If you know of more places etc that should go on the page, please tell me, using the contact page on this site. If you know which Cayley they were named after, it would be helpful if you could say.

Fisticuffs in Cambridge

Future Chief Justice of Ceylon in a student brawl

Sir Richard Cayley (1833-1908), a son of Edward Cayley the Stamford banker, was one of the most distinguished lawyers to bear the Cayley surname, rising to be Chief Justice of Ceylon. But in his student days at St John’s College, Cambridge he had a moment of dubious fame.

It was 8 November 1854. There had been a series of confrontations between town and gown – townsfolk and students. Both proctors (university officers with disciplinary responsibilities) and the police were trying to prevent further occurrences, with extra patrols in the streets and repeated threats that offending students would be rusticated. Additional efforts were made to enforce the rules for when students had to be in their colleges in the evenings.

That evening there was a lecture on the evils of tobacco in Cambridge town hall, with pro-tobacco students in the audience. A disturbance ensued with much shouting and jostling between some of the local citizenry and the students. The police came in as an attempt was made to end the meeting. A group of students resisted this and proposed that a local tobacconist should take the chair. As the commotion increased, the police started to clear the room. A cry of “Gown! Gown!” went up – an appeal for students to help one or more of their number – and the students still in the room rushed to the exit, in the process causing some deliberate damage to furniture. More police arrived, one or two students were apprehended, and the police drew their batons.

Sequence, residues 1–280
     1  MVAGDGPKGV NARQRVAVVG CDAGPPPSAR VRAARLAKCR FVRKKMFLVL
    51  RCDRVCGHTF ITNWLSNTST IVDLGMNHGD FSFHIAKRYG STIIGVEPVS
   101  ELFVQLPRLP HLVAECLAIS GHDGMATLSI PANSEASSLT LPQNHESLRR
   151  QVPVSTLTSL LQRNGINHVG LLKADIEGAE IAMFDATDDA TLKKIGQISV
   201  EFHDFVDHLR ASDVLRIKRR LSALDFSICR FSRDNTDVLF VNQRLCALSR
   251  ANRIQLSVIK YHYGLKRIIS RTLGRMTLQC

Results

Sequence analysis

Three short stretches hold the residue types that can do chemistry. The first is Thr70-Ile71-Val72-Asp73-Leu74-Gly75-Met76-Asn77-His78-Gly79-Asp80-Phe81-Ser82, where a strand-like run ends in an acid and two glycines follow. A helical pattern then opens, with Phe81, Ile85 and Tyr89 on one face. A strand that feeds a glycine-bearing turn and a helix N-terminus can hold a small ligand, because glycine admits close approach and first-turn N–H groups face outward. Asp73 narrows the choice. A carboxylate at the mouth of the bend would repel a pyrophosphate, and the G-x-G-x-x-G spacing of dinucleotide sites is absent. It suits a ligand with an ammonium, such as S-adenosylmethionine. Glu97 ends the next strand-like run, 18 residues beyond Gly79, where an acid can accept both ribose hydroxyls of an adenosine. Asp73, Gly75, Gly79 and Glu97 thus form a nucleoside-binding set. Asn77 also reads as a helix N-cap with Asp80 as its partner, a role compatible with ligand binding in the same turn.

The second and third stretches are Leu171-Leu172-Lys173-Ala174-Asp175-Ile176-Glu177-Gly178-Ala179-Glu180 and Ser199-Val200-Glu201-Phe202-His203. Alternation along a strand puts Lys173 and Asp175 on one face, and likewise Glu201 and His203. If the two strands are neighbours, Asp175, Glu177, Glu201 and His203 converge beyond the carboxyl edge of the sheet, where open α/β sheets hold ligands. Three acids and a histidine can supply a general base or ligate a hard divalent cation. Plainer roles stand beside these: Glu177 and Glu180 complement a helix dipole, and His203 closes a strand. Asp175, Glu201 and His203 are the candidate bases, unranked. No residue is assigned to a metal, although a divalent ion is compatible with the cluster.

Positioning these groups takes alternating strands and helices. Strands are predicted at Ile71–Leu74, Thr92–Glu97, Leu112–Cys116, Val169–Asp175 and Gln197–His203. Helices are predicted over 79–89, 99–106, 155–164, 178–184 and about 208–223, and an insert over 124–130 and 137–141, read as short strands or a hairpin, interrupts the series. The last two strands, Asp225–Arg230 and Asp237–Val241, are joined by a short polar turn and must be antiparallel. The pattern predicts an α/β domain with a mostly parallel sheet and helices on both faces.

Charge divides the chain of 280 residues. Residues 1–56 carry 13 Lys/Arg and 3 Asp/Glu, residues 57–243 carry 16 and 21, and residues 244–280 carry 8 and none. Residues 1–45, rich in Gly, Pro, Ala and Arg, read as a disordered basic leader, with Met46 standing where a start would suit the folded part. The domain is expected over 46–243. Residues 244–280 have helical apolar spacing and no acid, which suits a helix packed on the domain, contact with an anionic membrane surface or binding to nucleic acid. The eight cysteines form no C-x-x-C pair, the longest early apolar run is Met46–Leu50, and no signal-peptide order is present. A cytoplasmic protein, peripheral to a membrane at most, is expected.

One of those arrested, having struck a policeman, called out, “Gown! To the rescue!” More students joined in the melée. Among them was Richard Cayley, the future Chief Justice, who struck one of the police officers several times and violently resisted arrest.

The Magistrates’ Court was packed for the subsequent trial. The officer who had apprehended Richard Cayley described him as “very much excited, and I think he must have been drinking.” Another officer said in the subsequent magistrates’ trial that he saw Richard “on Serjeant Howlett’s back” – which gave rise to laughter in the courtroom.

Richard Cayley said that he had come out of his College and seen a fellow-student “collared by someone, and I naturally went forward to rescue him.” He added that, once he realised it was the police who had charge of the other student, he desisted, and gave himself quietly into the hands of a proctor. “I will admit that I was excited, but I deny that I was drunk, and can bring twenty witnesses who can prove that I never was drunk in my life.”

Inevitably Richard was found guilty. He could have faced a month in prison, which would probably have stopped him becoming a senior judge in later life, but the magistrates went for the more lenient option of fining him £5. This was paid on the spot, and a whip-round among undergraduates, who no doubt thought all this a bit of a lark, ensured that Richard was quickly reimbursed.

To see genealogical information about Sir Richard Cayley, you can go to A Banker’s Family.

Source: Cambridge Chronicle and Journal 11 November 1854. The story was also widely reported in other newspapers around England.